For Marla Rose, a Denver area resident who with her husband Rich, lives part-time in Ahwatukee, and the newly-opened art studio fit a niche she’d been searching for locally.
“While driving along Chandler Boulevard one afternoon a couple of weeks ago, I noticed the new studio. So, I stopped in to see what was available as far as activities, classes and such. I met Bev and Dale, and they told me about a painting class that evening, and encouraged me to check it out. I thought the price was affordable, so I decided to attend,” she recalled.
Rose recounted how as a child she’d learned some painting techniques from her father, an artist who worked primarily in oils, but admitted she hadn’t pursued art.
“It can be very intimidating at first, starting with a blank canvas, and hearing the teacher tell you that you’re going to paint this beautiful scene. Ours was a seaside scene with a lighthouse,” she added, noting:
“I was happy to discover that our instructor was very good at guiding us through each step to complete our painting, and taught us many techniques that I’d remembered learning from my dad. And when we were done, mine actually wasn’t too bad.”
With the acrylic paint class behind her, Rose said she’s readying to take a watercolor class, a medium her father taught her.
“I’m so glad to have found this studio so that I can pursue some artistic hobbies while spending time here in Phoenix,” she said.
For Pam Sutton, the instructor for drawing, and acrylic and watercolor painting classes, the experience of teaching at Art in the Garden studio has been fulfilling.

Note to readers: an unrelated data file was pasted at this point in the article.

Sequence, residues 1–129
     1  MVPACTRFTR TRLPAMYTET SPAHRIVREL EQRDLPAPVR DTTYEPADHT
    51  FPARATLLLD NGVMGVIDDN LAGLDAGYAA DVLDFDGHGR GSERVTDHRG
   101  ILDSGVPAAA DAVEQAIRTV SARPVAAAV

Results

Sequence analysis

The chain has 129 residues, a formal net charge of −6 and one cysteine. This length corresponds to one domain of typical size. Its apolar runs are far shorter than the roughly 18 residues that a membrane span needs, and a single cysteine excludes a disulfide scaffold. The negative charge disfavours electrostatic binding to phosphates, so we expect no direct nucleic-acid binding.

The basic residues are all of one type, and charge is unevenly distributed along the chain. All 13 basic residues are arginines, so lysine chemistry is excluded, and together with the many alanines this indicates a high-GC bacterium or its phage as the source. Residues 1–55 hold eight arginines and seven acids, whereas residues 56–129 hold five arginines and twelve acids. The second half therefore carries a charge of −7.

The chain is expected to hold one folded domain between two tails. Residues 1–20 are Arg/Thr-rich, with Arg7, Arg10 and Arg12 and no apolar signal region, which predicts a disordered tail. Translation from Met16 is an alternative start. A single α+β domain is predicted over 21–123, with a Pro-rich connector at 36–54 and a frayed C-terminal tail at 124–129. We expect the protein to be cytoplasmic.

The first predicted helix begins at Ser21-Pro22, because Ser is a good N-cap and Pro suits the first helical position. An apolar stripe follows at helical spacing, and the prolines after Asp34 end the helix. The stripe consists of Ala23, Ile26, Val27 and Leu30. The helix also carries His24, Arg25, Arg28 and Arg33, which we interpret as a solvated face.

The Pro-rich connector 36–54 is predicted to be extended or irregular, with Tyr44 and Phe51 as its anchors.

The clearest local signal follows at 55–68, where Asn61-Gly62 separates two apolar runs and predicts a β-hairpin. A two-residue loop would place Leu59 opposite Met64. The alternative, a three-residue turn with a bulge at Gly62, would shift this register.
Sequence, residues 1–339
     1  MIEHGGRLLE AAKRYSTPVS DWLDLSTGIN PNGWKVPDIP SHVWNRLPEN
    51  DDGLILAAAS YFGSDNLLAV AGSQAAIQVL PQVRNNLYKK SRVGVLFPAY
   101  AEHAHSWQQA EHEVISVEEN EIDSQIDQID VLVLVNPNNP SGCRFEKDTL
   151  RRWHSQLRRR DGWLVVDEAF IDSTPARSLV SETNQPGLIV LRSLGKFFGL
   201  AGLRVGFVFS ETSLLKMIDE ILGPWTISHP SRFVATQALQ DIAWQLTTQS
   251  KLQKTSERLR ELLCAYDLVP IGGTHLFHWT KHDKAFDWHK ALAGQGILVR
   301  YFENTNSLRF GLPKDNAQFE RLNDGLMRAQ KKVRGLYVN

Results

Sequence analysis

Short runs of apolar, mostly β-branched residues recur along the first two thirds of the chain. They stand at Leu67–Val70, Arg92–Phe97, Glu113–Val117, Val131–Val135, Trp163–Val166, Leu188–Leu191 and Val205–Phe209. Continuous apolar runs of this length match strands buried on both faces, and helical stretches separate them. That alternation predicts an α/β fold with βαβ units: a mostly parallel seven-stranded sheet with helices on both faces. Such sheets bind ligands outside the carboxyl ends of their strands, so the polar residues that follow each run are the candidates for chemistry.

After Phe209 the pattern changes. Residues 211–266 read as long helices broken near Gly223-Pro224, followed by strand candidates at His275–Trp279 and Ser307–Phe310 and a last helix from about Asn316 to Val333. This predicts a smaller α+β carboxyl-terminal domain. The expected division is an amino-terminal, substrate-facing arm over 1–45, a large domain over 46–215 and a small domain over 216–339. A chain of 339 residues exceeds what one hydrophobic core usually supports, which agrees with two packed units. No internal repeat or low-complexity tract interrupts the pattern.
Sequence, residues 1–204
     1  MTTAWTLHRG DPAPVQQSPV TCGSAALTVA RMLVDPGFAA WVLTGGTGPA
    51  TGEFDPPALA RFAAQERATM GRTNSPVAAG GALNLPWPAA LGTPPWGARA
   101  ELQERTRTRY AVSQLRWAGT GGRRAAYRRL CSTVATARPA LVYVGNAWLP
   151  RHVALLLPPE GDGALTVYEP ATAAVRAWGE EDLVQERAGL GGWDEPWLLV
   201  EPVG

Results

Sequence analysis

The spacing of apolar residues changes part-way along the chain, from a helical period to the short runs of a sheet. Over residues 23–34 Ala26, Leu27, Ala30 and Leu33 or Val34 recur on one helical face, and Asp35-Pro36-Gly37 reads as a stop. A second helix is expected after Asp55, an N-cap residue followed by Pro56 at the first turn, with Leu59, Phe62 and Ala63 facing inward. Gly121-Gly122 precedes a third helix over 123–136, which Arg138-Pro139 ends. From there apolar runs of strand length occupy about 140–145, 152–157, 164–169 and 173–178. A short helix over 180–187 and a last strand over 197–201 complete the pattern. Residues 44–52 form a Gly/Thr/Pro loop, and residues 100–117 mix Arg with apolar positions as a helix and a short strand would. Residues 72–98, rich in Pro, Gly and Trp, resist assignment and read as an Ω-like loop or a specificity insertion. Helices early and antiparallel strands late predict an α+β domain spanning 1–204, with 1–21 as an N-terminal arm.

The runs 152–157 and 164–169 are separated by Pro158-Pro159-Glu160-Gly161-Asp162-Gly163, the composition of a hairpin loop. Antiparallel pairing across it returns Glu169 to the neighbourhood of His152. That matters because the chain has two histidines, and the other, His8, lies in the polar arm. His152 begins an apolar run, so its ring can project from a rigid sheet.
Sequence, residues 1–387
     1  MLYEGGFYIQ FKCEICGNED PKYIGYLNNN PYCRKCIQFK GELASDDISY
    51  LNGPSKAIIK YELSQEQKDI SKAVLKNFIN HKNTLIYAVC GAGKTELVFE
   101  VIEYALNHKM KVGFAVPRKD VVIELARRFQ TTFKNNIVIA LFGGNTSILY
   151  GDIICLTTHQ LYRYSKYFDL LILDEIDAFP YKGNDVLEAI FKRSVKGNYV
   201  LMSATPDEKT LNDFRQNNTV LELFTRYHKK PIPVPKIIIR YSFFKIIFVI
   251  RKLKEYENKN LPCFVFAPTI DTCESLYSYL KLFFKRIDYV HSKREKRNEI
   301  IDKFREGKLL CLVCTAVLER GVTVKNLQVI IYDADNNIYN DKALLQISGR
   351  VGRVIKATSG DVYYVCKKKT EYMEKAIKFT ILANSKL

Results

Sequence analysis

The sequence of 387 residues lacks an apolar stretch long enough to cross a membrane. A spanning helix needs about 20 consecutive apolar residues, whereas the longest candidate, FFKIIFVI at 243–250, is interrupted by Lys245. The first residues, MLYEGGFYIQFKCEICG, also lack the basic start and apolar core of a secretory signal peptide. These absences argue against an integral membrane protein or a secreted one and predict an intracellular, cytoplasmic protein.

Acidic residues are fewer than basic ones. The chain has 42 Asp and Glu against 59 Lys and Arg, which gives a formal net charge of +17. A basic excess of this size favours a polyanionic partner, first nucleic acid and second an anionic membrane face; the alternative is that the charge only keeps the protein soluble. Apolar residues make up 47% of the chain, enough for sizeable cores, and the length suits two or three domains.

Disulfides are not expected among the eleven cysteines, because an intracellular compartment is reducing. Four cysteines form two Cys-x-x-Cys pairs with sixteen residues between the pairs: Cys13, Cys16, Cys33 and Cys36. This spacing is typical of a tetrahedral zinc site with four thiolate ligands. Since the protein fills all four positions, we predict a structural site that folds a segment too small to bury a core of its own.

“It’s very satisfying when students are happy, and often amazed, with their creations,” she said. “When people tell me they don’t think they have talent, I remind them that every child is born an artist. I believe there are no “mistakes” in art, and that every setback we experience when learning is a stepping stone toward mastery.”
Sutton said the community response has been “very positive.”
“The folks who attend say that just a few hours of creative time really fills a great need for relaxation in their busy lives,” said Sutton, explaining that she’d “reengaged with art classes” after her children grew up and left home.
The bios of all current artist/instructors are featured on the Art in the Garden Studio website.
The studio is as diverse as each artist, and there are myriad opportunities for groups as well as individuals.
Team building sessions or business appreciation parties care becoming popular as the Ahwatukee’s Kokopelli Dentistry staff recently proved at a soap-making class.
“As soon as an opportunity came up for us to take our team out for a team-building activity we thought of Art in the Garden Studio,” said Dr. Harveer Kaur, who with her husband Supreet Nagi, own Kokopelli Dentistry.
“It turned out to be the best team-building event so far. The entire staff was excited to make personalized soaps and scrubs and share with their family. We look forward to holding our next few events there to try out their various offerings,” said Kaur.
Maureen Kartchner said as a single woman, she found that signing up solo and not having to register in a group, was refreshing and simple.
“At Art in the Garden, you can go as a single person. You just find a class you want, call and make an appointment. You also make new friends,” said Kartchner. “I think it’s a great place for the community to go, and learn, and have fun.”
Classes are listed online and offer a brief description of what the class entails. All materials are provided.
Lewis and Yatorno are aware summer in Arizona brings its own challenges to local businesses, but they’re prepared.
“We may do more evening classes this summer, and we won’t be out in the garden—that’s for sure. We made sure our air conditioning was in really good working order when we took over the space,” laughed Lewis. “In the fall and winter we’ll offer outside classes.”
For more information on classes, see the monthly calendar at ArtintheGardenStudio.com. They’re also on Facebook and Twitter.